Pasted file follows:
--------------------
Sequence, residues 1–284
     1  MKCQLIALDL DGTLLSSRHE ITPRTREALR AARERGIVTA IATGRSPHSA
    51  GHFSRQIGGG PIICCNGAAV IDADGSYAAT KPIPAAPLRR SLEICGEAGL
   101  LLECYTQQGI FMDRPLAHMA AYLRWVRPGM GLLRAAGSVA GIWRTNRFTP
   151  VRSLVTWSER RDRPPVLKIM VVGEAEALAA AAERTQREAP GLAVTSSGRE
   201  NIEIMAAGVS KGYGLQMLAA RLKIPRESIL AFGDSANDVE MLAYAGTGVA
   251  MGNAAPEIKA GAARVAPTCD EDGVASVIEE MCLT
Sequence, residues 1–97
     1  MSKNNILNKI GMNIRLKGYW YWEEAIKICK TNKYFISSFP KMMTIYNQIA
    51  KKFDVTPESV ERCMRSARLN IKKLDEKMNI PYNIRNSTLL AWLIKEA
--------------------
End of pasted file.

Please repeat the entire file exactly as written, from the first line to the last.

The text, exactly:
Sequence, residues 1–284
     1  MKCQLIALDL DGTLLSSRHE ITPRTREALR AARERGIVTA IATGRSPHSA
    51  GHFSRQIGGG PIICCNGAAV IDADGSYAAT KPIPAAPLRR SLEICGEAGL
   101  LLECYTQQGI FMDRPLAHMA AYLRWVRPGM GLLRAAGSVA GIWRTNRFTP
   151  VRSLVTWSER RDRPPVLKIM VVGEAEALAA AAERTQREAP GLAVTSSGRE
   201  NIEIMAAGVS KGYGLQMLAA RLKIPRESIL AFGDSANDVE MLAYAGTGVA
   251  MGNAAPEIKA GAARVAPTCD EDGVASVIEE MCLT
Sequence, residues 1–97
     1  MSKNNILNKI GMNIRLKGYW YWEEAIKICK TNKYFISSFP KMMTIYNQIA
    51  KKFDVTPESV ERCMRSARLN IKKLDEKMNI PYNIRNSTLL AWLIKEA